I don’t believe this was ever implemented on a production skatebike.
It is interesting that both the LeRun and Minson patents offer a front bar to make steering easier.
John Cummings III of Honolulu is restoring this vintage LeRun he found on his walk to work. Someone had thrown in out. One man’s trash…
I am looking forward to seeing John’s restoration.
While exploring the history of the Minson skate bike I found the original US patent for a “Roller bicycle“.
View patent US4523770 Google patent site of US4523770
Filed: Mar 14, 1983 Granted: Jun 18, 1985 Status: Lapsed
Some interesting quotes from the patent.
This invention relates to a roller bicycle having rollers rotably mounted on the front wheel shaft and a single rear wheel for a common use as a sporting and playing apparatus on which one can ride forward and backward by keeping his balance, thereby improving his agility and developing his physical strength.
Translation: The wheel is a fixed crank like a unicycle so that you can ride forward and backward.
“Unlike the usual bicycles, one must keep his balance continuously while riding on the roller bicycle of the present invention so as not to fall. Furthermore, one must step on the ground with both feet at the moment of falling to prevent himself from falling, and when stop ping said roller bicycle, one should also brake it by stepping on the ground. In other words, said roller bicycle doesn’t need any additional brake means.”
Translation, the original design didn’t have brakes, coaster or the under seat hand unit.
As illustrated by dot-dash-lines in FIGS. 1 & 2, said front roller base 4 may be extended forwardly to form a projecting support plate 5′ on which a front support tube 5 will be vertically mounted, whereby a grip bar 18 can be inserted into said front support tube 5 and the height of said grip bar 18 can be adjusted by means of a adjusting clamp lever 6′ so that unskilled beginners can use said grip bar 18 for mounting and riding on said saddle 17.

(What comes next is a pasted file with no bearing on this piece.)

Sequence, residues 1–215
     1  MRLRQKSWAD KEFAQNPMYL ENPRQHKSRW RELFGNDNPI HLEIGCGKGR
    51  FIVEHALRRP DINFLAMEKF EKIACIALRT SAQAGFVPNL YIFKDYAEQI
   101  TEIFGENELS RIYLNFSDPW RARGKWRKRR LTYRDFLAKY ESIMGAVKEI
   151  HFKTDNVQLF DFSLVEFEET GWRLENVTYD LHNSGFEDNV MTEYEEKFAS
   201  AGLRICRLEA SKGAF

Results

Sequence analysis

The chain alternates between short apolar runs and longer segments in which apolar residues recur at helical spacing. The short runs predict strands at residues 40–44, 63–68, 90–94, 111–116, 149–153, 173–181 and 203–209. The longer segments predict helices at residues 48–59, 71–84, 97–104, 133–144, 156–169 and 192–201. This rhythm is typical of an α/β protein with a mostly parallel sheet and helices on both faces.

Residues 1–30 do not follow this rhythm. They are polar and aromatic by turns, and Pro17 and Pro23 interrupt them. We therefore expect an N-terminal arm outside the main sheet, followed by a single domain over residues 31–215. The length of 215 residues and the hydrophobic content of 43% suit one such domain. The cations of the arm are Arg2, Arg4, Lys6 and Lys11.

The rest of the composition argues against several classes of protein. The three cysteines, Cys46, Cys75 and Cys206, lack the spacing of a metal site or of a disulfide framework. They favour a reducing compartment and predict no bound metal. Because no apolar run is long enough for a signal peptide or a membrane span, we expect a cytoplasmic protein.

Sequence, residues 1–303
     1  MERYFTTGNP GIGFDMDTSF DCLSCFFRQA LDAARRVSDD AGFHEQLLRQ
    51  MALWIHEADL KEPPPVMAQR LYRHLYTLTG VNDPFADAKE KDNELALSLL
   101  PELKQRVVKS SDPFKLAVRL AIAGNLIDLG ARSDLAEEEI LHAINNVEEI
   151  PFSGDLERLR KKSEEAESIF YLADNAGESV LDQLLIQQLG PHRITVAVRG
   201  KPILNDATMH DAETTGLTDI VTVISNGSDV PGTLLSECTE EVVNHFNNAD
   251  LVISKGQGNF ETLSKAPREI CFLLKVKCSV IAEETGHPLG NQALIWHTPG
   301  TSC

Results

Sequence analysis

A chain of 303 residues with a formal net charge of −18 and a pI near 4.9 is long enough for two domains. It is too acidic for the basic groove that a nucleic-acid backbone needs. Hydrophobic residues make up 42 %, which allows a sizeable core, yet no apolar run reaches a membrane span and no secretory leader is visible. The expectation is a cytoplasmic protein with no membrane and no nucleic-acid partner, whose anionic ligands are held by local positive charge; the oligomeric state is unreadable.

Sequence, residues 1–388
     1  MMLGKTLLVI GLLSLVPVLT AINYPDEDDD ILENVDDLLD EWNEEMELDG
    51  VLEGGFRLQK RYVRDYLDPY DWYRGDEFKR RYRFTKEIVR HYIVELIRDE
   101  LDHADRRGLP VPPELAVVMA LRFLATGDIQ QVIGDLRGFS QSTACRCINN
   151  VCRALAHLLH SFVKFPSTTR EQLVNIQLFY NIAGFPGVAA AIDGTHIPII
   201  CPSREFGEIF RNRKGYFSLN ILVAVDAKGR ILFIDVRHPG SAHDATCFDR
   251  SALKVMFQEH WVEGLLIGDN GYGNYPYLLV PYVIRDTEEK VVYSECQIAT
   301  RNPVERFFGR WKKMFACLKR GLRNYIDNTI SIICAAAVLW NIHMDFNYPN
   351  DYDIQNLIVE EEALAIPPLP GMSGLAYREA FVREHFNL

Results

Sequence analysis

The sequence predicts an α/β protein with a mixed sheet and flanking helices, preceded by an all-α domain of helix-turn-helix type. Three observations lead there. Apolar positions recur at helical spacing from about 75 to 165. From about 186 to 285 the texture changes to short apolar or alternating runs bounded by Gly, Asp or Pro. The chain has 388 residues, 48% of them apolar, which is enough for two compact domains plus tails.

While unskilled beginners may require said grip bar 18 and said adjusting clamp lever 6′, skilled people will not need them. Therefore, in view of the production cost and the manufacturing process, it may be also recommendable to omit said projecting support plate 5′.
Translation: An optional support tube was in the original design. This would help beginners to steer. The SQRL Skatebike has such a tube. You can see it in action in this video.Notice the original drawings even had the round plate over the wheel for the logo.
Someone asked me the question where my Minson skatebike was made. Answer: it was made in Taiwan.
I have been experimenting with mounting a GoPro on my Skate Bike. Originally I had the camera on my helmet but this resulted in a floating camera shot with no reference points to set the shot in context. The skatebike is not exactly loaded with spots to mount a camera. I finally found this position. Note: when the bike falls over the camera has a tendency to change angle. Check after a fall.